From CoinWeek reported by Charles Morgan and Hubert Walker ………

On February 13, 2014, the Santa Monica City Attorney’s Office filed a consumer protection lawsuit against Santa Monica-based Seacoast Coin, Inc., which is better known as the precious metals dealer Merit Gold and Silver.

Merit is one of the most prominent precious metals dealers in the industry, advertising gold and silver investment instruments on national TV and radio outlets, as well as online. The company is headed by Peter M. Epstein and Michael J. Getlin.

The complaint, case number SC122066 filed with the Superior Court of the State of California for the County of Los Angeles, alleges that Merit engaged “in an aggressive, nationwide fraud scheme that has bilked consumers out of tens of millions of dollars.”

Attorneys for the city claim that Merit has, since at least September 26, 2009, operated a massive “bait and switch” scam, enticing customers–many of whom were senior citizens–to call to order gold and silver bullion at “1% over cost”, only to convince them to buy numismatic and semi-numismatic coins at a premium.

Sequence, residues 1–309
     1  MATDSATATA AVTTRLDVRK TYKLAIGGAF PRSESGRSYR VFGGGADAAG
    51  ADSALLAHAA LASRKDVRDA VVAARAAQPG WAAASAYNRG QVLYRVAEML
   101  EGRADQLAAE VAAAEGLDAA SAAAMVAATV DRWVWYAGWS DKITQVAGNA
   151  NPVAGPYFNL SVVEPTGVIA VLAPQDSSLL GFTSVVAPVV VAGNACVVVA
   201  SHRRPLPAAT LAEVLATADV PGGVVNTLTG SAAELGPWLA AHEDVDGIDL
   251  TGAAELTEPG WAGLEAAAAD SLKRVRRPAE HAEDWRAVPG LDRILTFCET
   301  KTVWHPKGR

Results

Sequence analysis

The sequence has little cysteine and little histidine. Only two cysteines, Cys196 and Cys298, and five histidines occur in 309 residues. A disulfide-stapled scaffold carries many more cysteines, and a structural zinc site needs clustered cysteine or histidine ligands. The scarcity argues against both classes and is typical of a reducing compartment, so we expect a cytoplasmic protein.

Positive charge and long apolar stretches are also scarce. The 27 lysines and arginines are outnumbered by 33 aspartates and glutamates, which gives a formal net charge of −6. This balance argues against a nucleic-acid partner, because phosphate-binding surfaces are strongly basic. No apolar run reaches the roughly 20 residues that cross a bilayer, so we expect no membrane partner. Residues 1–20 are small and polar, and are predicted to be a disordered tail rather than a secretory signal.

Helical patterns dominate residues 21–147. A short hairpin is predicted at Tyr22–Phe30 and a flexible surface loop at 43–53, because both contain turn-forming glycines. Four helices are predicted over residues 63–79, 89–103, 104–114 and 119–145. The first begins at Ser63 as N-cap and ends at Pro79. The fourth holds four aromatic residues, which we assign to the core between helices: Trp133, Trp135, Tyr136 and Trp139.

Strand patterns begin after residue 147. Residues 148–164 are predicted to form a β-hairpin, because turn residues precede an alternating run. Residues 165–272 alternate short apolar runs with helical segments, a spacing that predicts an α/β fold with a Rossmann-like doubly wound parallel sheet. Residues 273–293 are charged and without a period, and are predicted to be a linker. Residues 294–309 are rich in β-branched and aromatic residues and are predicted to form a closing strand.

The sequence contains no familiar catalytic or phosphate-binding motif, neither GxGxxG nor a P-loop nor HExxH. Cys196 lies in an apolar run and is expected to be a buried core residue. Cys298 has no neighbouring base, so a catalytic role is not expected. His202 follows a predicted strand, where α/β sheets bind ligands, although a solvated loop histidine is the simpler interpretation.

getlin2 Merit Gold & Silver Lawsuit: Third Bullion Firm Targeted Under California Consumer Protection Law

Peter Epstein and Mike Getlin are the two principles named in the suit.

Some of the alleged sales methods are detailed in the filing; they include falsely stating that numismatic and semi-numismatic coins:

• are a better investment than bullion

• offer more privacy than bullion

• are not “reportable” on consumers’ taxes

• can’t be confiscated by the government, while bullion can be.

In addition, the complaint alleges that Merit intentionally confuses consumers “as to which products they are buying, so that many still believe they are paying only one percent over Merit’s cost when in fact they are paying more.”